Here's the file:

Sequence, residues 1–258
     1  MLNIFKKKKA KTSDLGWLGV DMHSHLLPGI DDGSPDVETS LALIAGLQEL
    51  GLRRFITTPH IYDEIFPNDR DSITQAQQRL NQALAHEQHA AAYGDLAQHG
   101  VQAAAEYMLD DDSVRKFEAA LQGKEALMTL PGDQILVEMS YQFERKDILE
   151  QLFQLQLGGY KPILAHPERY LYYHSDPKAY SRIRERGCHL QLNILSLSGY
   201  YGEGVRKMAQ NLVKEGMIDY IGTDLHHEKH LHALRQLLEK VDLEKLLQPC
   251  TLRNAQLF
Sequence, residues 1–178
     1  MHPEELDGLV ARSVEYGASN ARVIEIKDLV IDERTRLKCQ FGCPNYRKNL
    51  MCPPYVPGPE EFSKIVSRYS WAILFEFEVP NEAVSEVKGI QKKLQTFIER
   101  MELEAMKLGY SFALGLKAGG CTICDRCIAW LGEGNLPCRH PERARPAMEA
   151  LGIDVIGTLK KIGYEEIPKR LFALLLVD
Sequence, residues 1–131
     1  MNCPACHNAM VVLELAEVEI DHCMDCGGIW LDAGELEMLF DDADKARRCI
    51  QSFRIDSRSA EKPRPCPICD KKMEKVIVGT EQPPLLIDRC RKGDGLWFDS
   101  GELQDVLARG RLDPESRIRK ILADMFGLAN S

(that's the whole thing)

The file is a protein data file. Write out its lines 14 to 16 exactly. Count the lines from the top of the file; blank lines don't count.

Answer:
     1  MNCPACHNAM VVLELAEVEI DHCMDCGGIW LDAGELEMLF DDADKARRCI
    51  QSFRIDSRSA EKPRPCPICD KKMEKVIVGT EQPPLLIDRC RKGDGLWFDS
   101  GELQDVLARG RLDPESRIRK ILADMFGLAN S